The Mob Museum

Patrick and I are finally home from our road trip to Idaho! Why Idaho? Well, my grandfather on my mom’s side passed away, so we went for his services, but I figured if we had to go, why not make the best of it, and do a road trip?

The first stop on our trip was Las Vegas (not counting the abandoned waterpark in my last post), and we crammed a lot into our two night stay, so I have lots to share with you! And we will start with the Mob Museum.

Very fittingly located in an old Las Vegas courthouse, the Mob Museum was on my list last time I was in Vegas, but didn’t get around to it. The museum offers a chronology of the history of the mob in the United States, as well as the history of law enforcement’s way of combatting the mob, but with a strong focus on Las Vegas, and a nice general history of Vegas.

At the very end of the museum was a small room showcasing vintage fashion from the late 1910s through the early 1930s, with some absolutely stunning pieces! So if you’re more in this for the fashion, just scroll to the end!

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Dressing Downton

Earlier in the week, myself, Patrick, and a friend went to Anaheim’s Muzeo as they were hosting the touring exhibit, Dressing Downton, which features the costumes of British show Downton Abbey. As a fan of the show and vintage fashion, I leaped at the opportunity to visit! If you’re unfamiliar with the show, it chronicles the life and times of the fictional Crowley family, and their estate, Downton Abbey in the Yorkshire countryside, along with those who they employ, from 1912 through I believe 1923, so a great deal changes both in lifestyle and fashion.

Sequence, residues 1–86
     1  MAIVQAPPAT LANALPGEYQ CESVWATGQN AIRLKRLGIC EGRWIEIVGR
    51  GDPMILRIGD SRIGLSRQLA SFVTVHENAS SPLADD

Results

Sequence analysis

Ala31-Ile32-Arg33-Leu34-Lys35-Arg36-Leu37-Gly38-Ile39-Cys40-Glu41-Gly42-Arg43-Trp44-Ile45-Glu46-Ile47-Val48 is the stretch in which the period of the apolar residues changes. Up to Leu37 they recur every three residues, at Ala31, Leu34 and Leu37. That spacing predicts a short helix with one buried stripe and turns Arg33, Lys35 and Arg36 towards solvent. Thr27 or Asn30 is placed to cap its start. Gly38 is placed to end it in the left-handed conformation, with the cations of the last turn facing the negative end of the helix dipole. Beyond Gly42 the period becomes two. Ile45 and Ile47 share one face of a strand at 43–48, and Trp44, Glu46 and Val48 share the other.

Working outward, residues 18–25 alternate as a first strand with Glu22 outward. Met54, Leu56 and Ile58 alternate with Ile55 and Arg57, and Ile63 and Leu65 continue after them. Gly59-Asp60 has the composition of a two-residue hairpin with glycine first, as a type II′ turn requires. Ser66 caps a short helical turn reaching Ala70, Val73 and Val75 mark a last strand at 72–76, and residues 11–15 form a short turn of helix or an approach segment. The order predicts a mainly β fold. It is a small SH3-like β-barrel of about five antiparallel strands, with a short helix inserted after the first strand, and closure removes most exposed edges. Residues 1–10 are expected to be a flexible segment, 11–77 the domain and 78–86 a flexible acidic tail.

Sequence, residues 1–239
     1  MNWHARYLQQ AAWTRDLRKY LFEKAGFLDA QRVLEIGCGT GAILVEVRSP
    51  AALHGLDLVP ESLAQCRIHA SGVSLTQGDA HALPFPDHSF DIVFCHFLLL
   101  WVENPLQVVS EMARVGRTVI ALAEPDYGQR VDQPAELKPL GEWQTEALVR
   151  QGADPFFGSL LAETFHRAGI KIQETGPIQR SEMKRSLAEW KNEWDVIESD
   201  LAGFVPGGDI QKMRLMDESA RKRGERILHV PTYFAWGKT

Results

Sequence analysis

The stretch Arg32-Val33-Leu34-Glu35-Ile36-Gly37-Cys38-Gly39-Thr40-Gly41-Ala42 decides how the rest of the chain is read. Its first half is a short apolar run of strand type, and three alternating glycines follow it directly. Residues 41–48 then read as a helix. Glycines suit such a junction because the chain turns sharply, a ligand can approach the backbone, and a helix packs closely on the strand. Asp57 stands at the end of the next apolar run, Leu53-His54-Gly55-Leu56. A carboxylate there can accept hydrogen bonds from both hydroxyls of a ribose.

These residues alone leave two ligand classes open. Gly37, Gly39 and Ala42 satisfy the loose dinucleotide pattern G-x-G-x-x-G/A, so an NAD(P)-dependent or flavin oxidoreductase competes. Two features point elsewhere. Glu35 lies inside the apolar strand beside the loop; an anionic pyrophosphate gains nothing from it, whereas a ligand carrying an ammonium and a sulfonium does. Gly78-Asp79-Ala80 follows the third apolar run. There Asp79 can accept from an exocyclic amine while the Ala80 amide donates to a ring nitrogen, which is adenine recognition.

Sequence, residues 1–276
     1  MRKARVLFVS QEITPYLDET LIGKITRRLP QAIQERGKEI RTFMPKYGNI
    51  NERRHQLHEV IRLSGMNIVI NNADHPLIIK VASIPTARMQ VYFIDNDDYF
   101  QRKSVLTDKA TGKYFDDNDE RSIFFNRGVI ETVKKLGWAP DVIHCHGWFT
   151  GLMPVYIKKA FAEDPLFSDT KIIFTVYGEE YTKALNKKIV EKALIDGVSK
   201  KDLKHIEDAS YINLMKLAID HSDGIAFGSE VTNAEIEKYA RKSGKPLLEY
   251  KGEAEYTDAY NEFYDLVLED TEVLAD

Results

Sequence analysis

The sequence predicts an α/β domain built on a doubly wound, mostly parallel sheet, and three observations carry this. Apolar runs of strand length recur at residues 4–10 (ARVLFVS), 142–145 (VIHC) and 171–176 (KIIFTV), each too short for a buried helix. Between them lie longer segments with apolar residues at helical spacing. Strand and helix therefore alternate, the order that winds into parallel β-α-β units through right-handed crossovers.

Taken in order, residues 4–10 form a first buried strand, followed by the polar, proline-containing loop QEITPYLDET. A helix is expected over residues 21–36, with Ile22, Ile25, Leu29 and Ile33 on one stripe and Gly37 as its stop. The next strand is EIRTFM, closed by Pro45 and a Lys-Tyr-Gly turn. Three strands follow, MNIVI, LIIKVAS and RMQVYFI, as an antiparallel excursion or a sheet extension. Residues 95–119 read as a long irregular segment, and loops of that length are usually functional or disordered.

For the visit, I went with a simple adventurer chic look with Egyptian revival jewelry, as seriously I don’t do the Edwardian period or the 20s really. My 20s garments consist of more gowns, nothing for a casual afternoon at a museum. So, this is about as close as I get sometimes.

Continue reading for images from the exhibit.

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Mid-November

It’s still hard for me to believe it’s mid-November, and that Thanksgiving next week. And with that comes thoughts of Christmas, so over the weekend Patrick and I went out to do a bit of shopping at the antique malls near us. I can honestly tell you I’m clinging to fall color palettes like crazy. I have so many ensembles that aren’t getting worn, let alone photographed for the blog! But, luckily we snagged the camera before stepping out the door so I can share this one with you!

Also over the weekend Patrick and I went to Universal Studios, so don’t be surprised if you spy a post about that soon!

Outfit
Blouse: Thrifted
Gauchos: West of Texas, Redlands, California
Shoes: Miss L Fire
Earrings: Antique Alley, Portland, Oregon
Anubis kartush pendent, and bracelet: From by dad
Scarab pendent: Expo, I think… I’ve seriously had it since I was like 12 or so.
Scarab ring: Antique Mall of Treasures, Orange, California
Scarf: The Clothes Horse, Eugene, Oregon
Purse: The Original Tiki Marketplace

The Hollyhock House

Today Patrick and I visited another incredibly icon of Los Angeles architecture, Frank Lloyd Wright’s Hollyhock House.